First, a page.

The film offers a renewed appreciation for the several generations of German musicians who, like Beethoven, believed the piano was a German invention, for it confirms that many of its most significant developments originated in Germany and Austria. Evidently it was Silbermann himself who first used the term "pianoforte" as a noun in 1733, and it was Silbermann who first devised a mechanism for manipulating the instrument's dampers. The late eighteenth-century fascination with all sorts of pedals is graphically depicted, as Badura-Skoda offers an instructive contrast between damper devices on instruments made from 1781 to 1795 by Stirnemann, Schantz, and Broadwood. Unfortunately, the fortepiano pedale which Mozart ordered from Anton Walter has not survived, but on a modern replica Badura-Skoda offers a fascinating demonstration of the Concerto in D minor, K. 466, as the composer originally intended it, accompanied by rich bass tones. By 1800, there were over one hundred makers in Vienna and, understandably, the city became a center for both innovation and occasional whimsy. One of the most novel delights of the entire film is Badura-Skoda's demonstration of a six-pedal Viennese piano built by George Hasska about 1816. Here renditions of Beethoven's "Pathètique" Sonata in C minor, Op. 13 and a Schubert "Landler" are offset by Mozart's "Rondo alla turca" (from the Sonata in A major, K. 331) to demonstrate the percussive "Turkish" stop, and an improvised boogie-woogie to demonstrate Hasska's "bassoon" stop, which places parchment against the strings. The often discussed but rarely heard Broadwood which includes a split damper pedal is also featured, as Badura-Skoda demonstrates how it facilitates the slow movement from Beethoven's "Pastoral" Sonata in D major, op. 28.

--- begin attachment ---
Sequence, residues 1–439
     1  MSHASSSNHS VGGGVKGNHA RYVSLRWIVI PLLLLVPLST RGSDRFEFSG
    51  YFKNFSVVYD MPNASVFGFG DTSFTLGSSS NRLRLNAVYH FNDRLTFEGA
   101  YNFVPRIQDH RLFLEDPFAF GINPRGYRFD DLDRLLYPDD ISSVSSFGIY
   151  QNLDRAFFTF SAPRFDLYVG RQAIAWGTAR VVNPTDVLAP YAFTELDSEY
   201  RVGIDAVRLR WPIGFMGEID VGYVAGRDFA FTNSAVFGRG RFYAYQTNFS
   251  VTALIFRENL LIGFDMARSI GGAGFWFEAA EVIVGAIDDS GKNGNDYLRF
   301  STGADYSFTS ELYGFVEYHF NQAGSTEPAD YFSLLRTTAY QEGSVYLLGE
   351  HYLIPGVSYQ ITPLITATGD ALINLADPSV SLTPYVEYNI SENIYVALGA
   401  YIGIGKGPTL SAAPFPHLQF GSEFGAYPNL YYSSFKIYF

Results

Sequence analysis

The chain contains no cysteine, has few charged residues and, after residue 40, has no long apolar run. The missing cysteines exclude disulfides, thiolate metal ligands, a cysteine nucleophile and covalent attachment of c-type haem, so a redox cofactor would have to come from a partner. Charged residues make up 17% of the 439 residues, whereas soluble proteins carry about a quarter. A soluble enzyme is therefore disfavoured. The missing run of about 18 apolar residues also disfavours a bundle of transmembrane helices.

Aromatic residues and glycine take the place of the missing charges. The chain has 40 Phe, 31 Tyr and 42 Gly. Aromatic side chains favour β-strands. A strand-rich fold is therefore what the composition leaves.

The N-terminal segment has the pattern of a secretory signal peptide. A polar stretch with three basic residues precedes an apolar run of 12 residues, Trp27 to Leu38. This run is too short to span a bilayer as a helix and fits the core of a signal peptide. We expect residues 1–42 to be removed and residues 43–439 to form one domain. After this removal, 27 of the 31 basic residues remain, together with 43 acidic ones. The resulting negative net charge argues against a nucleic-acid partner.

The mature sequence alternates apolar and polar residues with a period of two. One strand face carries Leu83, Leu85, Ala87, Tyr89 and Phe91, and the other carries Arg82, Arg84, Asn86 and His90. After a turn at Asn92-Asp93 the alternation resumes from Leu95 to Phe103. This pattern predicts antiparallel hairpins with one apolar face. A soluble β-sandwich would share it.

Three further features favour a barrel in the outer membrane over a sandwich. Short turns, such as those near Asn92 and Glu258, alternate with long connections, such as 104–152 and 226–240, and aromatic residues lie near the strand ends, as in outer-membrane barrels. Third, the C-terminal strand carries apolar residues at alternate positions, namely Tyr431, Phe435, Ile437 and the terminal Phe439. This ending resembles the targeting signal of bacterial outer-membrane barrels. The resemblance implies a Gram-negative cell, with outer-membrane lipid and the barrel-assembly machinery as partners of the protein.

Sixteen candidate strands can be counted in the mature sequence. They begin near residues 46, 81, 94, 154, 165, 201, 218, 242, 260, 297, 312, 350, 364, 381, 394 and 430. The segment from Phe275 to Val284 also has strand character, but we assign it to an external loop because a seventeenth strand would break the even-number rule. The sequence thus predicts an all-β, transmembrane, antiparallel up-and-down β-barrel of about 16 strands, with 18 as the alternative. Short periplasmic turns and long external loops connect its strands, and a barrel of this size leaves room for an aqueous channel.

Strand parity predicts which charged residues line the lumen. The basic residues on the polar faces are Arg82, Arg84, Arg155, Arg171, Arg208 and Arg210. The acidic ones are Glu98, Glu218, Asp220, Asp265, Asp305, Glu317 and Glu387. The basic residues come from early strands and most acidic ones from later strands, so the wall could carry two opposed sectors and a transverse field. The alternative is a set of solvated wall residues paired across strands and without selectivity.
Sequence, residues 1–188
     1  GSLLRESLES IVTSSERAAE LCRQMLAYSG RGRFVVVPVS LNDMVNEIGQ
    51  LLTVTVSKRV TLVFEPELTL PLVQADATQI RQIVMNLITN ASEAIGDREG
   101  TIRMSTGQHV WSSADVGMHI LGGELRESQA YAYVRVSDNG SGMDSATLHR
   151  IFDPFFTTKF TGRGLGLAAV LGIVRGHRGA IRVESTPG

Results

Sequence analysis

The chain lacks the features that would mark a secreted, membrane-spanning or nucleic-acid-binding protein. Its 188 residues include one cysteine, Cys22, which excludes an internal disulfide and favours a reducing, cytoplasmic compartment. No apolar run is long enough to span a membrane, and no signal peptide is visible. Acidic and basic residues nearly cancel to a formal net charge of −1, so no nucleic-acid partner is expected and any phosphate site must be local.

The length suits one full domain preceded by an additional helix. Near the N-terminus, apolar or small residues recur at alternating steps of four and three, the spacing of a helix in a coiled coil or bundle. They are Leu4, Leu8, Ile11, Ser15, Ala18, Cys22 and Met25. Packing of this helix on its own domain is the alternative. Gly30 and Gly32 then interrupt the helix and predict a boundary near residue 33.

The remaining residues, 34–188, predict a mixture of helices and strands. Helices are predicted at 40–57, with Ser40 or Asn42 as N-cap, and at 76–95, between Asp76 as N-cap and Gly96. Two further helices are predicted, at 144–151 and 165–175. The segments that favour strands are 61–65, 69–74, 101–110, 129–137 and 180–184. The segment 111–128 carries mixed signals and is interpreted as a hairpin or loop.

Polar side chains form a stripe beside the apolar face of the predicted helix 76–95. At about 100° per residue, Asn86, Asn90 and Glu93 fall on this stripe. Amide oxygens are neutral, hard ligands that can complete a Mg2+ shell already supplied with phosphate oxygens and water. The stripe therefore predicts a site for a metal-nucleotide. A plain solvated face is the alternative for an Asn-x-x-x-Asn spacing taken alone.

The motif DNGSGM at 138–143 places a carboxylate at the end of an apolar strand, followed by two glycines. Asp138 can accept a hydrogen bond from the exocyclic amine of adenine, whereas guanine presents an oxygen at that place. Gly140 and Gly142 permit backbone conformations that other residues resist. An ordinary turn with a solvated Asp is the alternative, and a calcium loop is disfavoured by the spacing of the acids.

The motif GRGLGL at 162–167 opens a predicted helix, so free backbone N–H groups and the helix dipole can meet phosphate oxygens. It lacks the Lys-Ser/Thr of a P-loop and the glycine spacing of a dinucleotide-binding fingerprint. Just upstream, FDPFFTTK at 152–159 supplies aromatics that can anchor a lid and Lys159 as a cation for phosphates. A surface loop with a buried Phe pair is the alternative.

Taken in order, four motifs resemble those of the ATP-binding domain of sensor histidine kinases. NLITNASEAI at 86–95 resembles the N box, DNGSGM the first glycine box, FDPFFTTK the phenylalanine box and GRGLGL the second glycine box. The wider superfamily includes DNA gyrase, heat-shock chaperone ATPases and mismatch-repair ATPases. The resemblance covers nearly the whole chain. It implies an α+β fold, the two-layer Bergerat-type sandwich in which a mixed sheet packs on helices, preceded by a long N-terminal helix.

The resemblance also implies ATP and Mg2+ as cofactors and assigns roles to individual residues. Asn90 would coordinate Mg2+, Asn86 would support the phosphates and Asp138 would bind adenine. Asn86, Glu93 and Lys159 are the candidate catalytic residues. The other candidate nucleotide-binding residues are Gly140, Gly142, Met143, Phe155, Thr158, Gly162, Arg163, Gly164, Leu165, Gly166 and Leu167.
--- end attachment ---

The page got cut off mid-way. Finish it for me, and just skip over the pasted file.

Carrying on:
Often the playing itself is extraordinarily beautiful and the listener may wish that time constraints did not necessitate reducing the selections to brief fragments. Particularly memorable segments include Gerlinde Otto's presentation of the first movement of Mozart's Sonata in E-flat, K. 282, on an instrument built by Johann Andreas Stein about 1784 (similar to one owned by Mozart); Malcolm Bilson's sensitive performance of the opening of Haydn's Sonata in C minor, Hob. XVI:20, on a Schantz fortepiano from about 1790 (now owned by the Badura-Skodas); and Jörg Demus's exquisite reading of Schumann's "Abschied" from Waldenszenen, op. 82, on a Viennese instrument built by Michael Schweighofer about 1846. There is also an abundance of ensemble playing, as Badura-Skoda and Demus are joined by Hans Kann for the Mozart "Triple" Concerto, K. 242, performed simultaneously on a Schantz, a Walter, and a Broadwood. Badura-Skoda and Bilson then join forces to play Beethoven excerpts on the Schantz and the Walter, followed by Mozart's Sonata for Two Pianos, K. 448. Equally fascinating is the dialogue they share on an 1817 Broadwood and an 1822-23 instrument built by Conrad Graf. Here performances of two late Beethoven Sonatas are followed by some spirited ensemble work as they divide up the finale to Beethoven's "Tempest" Sonata in D minor, op. 31, no. 2.